New cases of insecure HTTPS traffic interception are coming to light as researchers probe software programs for implementations that could enable malicious attacks. The latest software to open a man-in-the-middle hole on users' PCs is a new version of PrivDog, an advertising product with ties to security vendor Comodo.
Over the weekend, a user reported on Hacker News that his system failed an online test designed to detect a man-in-the-middle vulnerability introduced by Superfish, a program preloaded on some Lenovo consumer laptops.
However, his system did not have Superfish installed. Instead, the problem was tracked down to another advertising-related application called PrivDog, which was built with the involvement of Comodo's CEO, Melih Abdulhayoglu. New PrivDog releases are announced on the Comodo community forum by people tagged as Comodo staff.
PrivDog is marketed as a solution to protect users against malicious advertising without completely blocking ads. The program is designed to replace potentially bad ads with safer ones that are reviewed by a compliance team from a company called Adtrustmedia. As Abdulhayoglu puts it in a January 2014 post on his personal blog in which he describes the technology: "Consumers win, Publishers win, Advertisers win."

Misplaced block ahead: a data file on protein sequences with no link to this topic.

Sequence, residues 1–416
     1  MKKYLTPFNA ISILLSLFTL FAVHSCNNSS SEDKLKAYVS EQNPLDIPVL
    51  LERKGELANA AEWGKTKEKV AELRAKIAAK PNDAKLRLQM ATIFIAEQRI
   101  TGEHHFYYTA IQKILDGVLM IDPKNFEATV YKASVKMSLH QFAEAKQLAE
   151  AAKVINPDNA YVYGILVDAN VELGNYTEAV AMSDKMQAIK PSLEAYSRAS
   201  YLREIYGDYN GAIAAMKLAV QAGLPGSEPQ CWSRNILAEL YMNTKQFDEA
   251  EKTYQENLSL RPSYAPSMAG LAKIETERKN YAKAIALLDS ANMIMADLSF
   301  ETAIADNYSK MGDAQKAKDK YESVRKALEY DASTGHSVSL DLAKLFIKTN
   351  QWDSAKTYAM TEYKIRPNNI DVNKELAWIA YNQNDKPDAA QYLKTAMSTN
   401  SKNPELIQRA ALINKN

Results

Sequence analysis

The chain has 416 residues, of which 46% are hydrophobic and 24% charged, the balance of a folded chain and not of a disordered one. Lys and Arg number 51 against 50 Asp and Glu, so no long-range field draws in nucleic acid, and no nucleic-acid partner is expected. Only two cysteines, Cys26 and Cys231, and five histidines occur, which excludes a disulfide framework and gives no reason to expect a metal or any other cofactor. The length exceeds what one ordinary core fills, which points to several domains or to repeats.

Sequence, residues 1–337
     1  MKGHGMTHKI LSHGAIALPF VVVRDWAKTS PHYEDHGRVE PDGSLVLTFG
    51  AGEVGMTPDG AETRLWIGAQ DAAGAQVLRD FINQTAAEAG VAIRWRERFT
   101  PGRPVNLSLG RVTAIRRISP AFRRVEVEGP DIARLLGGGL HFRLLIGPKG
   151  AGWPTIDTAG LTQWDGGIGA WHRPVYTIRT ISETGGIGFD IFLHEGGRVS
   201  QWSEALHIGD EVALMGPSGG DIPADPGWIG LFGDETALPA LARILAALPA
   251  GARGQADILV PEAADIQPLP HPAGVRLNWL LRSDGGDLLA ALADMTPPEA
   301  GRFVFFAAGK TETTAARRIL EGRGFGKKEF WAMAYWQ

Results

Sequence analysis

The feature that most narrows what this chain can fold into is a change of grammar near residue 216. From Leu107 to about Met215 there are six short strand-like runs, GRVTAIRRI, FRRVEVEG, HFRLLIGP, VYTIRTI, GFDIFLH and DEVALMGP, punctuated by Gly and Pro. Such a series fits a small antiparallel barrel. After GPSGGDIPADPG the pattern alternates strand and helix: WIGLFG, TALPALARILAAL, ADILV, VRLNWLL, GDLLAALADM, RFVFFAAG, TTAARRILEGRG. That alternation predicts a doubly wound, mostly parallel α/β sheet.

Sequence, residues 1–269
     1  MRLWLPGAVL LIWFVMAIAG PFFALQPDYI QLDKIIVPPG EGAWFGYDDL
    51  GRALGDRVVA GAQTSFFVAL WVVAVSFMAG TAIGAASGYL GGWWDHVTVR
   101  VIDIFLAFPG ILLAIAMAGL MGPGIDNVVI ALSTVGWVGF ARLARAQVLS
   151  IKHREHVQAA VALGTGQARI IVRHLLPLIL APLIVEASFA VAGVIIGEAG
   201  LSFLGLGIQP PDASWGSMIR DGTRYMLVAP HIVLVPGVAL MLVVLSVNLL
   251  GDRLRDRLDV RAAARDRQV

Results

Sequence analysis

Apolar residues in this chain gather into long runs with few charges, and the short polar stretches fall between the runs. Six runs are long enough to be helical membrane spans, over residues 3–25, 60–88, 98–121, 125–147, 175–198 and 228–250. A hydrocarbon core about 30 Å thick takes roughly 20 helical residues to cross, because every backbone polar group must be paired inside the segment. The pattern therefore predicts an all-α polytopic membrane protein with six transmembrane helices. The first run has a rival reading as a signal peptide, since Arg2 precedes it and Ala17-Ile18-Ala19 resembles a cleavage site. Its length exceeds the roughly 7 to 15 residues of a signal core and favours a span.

However, according to people who recently looked at PrivDog's HTTPS interception functionality, consumers might actually lose when it comes to their system's security if they use the product.
In order to replace ads on websites protected with HTTPS (HTTP with SSL/TLS encryption), PrivDog installs its own self-generated root certificate on the system and then runs as a man-in-the-middle proxy. When users access HTTPS sites, PrivDog hijacks their connections and replaces the legitimate certificates of those sites with new ones signed with the locally installed root certificate.
Since the root certificate installed by PrivDog on computers is trusted by browsers, all certificates that chain back to it will also be trusted. This means that users will think that they're securely speaking to the websites they accessed, while in the background, PrivDog will decrypt and manipulate their traffic.
That in itself is not a bad implementation. There are legitimate reasons for scanning HTTPS traffic and many security products use similar techniques to analyze encrypted traffic for potential threats.
Unlike Superfish, PrivDog installs a different root certificate on every system, so there's no shared private key that would allow attackers to generate rogue certificates. However, it turns out they don't even need a shared key
The error in PrivDog's implementation is simpler than that: The program doesn't properly validate the original certificates it receives from websites. It will therefore accept rogue certificates that would normally trigger errors inside browsers and will replace them with certificates that those browsers will trust.
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